Pavilion of Angola / 56th Venice Biennale / Catalogue
  • Add to Collection
  • About


    Catalogue design for the Angolan Representation at the 56th Venice Biennale
On Ways of Travelling –
Pavilion of Angola at the 56th Biennale di Venezia
The Angolan representation at the 56th Venice Biennale was fundamental for the reputation of the country’s art scene. After winning the Golden Lion at their first ever presence at the previous Biennale, there was a strong desire to continue exhibiting Angola and its artists at the highest level. We were quite fortunate to work with the team composed by António Ole (Artist and Curator), Antonia Gaeta (Deputy Curator) and Rita GT (Commissioner on behalf of the Angolan Ministry of Culture) and to be able to establish a very open dialogue during the whole work process.
Our design premises for the communication of the Pavilion of Angola were centred on a strong sentiment of African invasion into an established european order. To illustrate those principles, we’ve created a very strict modernist basis in which we could set the information regarding the exhibition in a calm and controlled environment, and from there, we’ve started interrupting and overlaying that rigid layout with graphic elements and symbols taken from Angolan traditional art and handcrafted textiles, adding warmth, strength and power to the various communication materials.

The catalogue’s structure was based on a different interpretation of the same approach. What is seen as a graphic interruption throughout the communication matrix was toned down and transformed into harsh cuts throughout the catalogue’s sequence, allowing the reader to percept changes in the catalogue's subjects, layout and even paper.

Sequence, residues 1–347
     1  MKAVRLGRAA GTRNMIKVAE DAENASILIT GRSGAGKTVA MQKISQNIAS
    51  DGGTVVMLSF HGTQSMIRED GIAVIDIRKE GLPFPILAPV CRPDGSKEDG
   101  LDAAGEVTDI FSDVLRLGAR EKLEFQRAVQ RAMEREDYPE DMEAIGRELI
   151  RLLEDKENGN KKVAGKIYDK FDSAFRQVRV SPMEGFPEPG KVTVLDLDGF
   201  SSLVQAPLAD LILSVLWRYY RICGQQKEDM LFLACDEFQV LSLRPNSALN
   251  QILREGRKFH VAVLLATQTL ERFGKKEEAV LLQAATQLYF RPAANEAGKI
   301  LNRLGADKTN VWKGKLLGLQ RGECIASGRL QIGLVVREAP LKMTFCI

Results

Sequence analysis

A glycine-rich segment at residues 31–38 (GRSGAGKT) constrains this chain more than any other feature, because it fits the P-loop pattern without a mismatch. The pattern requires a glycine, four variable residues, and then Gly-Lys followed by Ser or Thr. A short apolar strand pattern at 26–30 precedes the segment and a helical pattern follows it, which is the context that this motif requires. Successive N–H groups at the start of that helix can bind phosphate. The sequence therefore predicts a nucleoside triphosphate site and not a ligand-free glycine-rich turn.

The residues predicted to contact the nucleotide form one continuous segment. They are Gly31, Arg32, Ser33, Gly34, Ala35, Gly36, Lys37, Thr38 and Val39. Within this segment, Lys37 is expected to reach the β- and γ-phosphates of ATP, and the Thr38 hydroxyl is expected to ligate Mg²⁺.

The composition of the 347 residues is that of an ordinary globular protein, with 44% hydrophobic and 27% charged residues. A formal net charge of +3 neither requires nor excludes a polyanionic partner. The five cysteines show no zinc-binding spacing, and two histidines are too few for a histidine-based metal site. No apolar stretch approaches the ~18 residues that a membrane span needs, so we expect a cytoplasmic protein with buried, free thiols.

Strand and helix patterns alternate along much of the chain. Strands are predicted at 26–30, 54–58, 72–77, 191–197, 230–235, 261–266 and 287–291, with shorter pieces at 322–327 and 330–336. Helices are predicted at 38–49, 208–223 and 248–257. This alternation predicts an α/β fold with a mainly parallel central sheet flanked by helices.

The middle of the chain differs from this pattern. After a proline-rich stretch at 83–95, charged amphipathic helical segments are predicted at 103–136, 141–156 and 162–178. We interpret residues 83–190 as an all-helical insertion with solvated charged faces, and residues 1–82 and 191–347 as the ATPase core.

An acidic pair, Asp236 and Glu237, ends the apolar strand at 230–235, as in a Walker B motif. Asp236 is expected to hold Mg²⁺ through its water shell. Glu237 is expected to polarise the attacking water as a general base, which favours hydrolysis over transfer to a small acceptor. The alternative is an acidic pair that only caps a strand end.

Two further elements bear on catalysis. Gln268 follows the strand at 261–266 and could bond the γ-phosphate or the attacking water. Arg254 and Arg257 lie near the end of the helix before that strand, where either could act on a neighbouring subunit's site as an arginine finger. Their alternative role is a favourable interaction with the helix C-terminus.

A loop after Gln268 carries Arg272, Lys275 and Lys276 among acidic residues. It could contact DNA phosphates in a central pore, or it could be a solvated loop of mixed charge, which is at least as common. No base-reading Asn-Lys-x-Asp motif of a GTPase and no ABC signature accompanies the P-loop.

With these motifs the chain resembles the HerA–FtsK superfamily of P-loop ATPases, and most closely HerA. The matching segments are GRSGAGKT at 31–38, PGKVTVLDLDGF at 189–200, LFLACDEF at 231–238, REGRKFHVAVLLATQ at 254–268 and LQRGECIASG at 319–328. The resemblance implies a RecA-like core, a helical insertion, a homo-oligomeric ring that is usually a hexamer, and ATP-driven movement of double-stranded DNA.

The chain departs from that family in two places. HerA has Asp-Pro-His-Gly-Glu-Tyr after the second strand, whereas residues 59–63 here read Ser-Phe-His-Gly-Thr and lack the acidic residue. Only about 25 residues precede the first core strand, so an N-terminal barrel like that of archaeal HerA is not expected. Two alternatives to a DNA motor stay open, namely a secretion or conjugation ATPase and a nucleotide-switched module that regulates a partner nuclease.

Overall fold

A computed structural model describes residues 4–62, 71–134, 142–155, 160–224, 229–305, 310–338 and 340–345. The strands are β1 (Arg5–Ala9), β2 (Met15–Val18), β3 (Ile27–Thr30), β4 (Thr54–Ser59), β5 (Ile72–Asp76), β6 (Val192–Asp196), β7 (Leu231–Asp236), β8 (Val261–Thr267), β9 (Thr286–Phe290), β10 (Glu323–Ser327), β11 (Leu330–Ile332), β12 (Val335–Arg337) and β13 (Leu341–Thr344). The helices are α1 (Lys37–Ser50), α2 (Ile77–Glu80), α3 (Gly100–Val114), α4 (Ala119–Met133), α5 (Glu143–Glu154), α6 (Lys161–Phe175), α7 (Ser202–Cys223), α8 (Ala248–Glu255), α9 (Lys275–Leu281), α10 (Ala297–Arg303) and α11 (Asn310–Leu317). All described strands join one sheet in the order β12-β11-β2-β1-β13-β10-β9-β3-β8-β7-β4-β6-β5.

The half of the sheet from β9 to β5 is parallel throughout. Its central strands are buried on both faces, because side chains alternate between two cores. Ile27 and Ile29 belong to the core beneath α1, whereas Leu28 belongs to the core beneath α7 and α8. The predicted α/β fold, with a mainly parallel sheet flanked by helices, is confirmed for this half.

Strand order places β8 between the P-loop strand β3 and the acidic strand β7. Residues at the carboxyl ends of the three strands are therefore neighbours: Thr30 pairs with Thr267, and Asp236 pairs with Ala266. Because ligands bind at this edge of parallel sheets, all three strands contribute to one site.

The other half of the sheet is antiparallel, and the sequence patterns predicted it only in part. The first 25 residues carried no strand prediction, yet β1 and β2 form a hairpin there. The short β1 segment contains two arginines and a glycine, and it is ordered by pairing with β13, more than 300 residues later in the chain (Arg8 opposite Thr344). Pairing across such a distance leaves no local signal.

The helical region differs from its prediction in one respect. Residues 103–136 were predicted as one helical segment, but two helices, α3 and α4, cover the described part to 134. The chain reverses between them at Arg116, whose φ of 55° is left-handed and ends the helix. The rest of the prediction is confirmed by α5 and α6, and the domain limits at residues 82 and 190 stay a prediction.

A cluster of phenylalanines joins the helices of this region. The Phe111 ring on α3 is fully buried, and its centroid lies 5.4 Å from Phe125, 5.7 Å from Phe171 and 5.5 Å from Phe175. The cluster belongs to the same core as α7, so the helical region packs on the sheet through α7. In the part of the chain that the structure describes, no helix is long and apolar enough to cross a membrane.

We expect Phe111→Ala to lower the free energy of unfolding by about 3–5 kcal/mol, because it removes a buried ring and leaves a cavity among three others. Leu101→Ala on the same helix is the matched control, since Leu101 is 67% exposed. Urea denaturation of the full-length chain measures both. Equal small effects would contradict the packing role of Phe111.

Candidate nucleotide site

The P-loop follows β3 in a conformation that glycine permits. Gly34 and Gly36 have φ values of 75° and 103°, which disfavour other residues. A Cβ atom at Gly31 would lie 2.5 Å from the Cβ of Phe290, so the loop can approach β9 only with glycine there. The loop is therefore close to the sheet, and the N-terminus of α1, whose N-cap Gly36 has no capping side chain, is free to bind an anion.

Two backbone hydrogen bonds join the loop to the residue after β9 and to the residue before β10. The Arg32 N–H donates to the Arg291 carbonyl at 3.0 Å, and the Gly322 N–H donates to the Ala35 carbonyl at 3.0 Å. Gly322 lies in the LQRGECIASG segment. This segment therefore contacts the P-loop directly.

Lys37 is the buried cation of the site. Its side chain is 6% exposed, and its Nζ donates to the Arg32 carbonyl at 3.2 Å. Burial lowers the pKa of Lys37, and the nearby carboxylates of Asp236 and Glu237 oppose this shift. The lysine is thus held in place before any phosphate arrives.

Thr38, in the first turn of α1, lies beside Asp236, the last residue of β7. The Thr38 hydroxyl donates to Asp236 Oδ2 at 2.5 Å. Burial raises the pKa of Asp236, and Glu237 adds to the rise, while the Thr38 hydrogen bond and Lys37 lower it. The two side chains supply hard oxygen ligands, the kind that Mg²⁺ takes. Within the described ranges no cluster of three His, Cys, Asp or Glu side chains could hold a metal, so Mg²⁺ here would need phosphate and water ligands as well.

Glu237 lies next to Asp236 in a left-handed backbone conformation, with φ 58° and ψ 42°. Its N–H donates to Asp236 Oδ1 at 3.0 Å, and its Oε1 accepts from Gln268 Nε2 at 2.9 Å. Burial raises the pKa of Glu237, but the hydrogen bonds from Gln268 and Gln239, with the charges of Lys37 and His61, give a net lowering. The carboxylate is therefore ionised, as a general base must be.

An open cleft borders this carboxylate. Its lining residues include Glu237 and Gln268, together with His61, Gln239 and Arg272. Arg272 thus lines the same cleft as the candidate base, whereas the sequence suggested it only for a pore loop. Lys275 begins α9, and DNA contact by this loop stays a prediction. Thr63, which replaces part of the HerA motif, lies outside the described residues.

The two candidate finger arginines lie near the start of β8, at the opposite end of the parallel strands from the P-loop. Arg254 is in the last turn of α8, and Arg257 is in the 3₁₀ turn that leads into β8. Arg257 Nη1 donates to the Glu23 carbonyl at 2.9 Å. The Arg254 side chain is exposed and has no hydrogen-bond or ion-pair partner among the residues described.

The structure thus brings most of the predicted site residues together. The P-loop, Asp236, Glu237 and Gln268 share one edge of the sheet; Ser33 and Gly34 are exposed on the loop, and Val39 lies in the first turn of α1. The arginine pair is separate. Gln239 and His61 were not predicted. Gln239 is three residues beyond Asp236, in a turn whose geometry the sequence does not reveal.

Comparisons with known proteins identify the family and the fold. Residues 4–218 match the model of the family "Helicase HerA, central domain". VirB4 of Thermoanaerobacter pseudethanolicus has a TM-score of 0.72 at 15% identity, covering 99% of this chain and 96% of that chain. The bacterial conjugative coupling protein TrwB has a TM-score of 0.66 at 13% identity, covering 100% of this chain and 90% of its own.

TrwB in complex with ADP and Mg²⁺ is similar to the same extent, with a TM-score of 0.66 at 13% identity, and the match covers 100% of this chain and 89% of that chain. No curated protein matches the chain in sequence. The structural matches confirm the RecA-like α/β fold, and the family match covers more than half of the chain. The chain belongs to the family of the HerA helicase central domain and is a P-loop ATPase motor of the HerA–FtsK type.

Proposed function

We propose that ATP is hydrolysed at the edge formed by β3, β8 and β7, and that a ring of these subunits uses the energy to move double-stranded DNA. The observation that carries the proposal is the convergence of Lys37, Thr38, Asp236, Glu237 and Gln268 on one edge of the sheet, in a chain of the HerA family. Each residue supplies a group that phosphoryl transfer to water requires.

The whole sequence of the book was planned according to the narrative behind the curatorial choices for the exhibition – the passing of Antonio Ole’s legacy as a leading Angolan artist and culture agent to the new generations of emerging artists and agitators.
In that sense, the catalogue starts with institutional texts that quickly lead to a long opening section displaying the work of Curator and artist António Ole. From there the reader jumps into a series of essays offering a broad context of Angolan arts and culture, and its influence on the country’s society. A quick cut leads to an extensive and calm photographic section introducing the work of each of the 4 young artists chosen to represent the future of Angolan plastic arts, which connects with another segment, in yellow tinted paper, where the Deputy Curator interviews each of the artists regarding their work, and the preoccupations and rationale behind their expression. These are followed by another collection of small essays describing each of the represented artists, that finally leads to another image section displaying the artworks specifically created for this particular exhibition at the Venice Biennale. The final pages of the book are divided into a very small biographies section over a black background, and the English translations of the texts in red typography.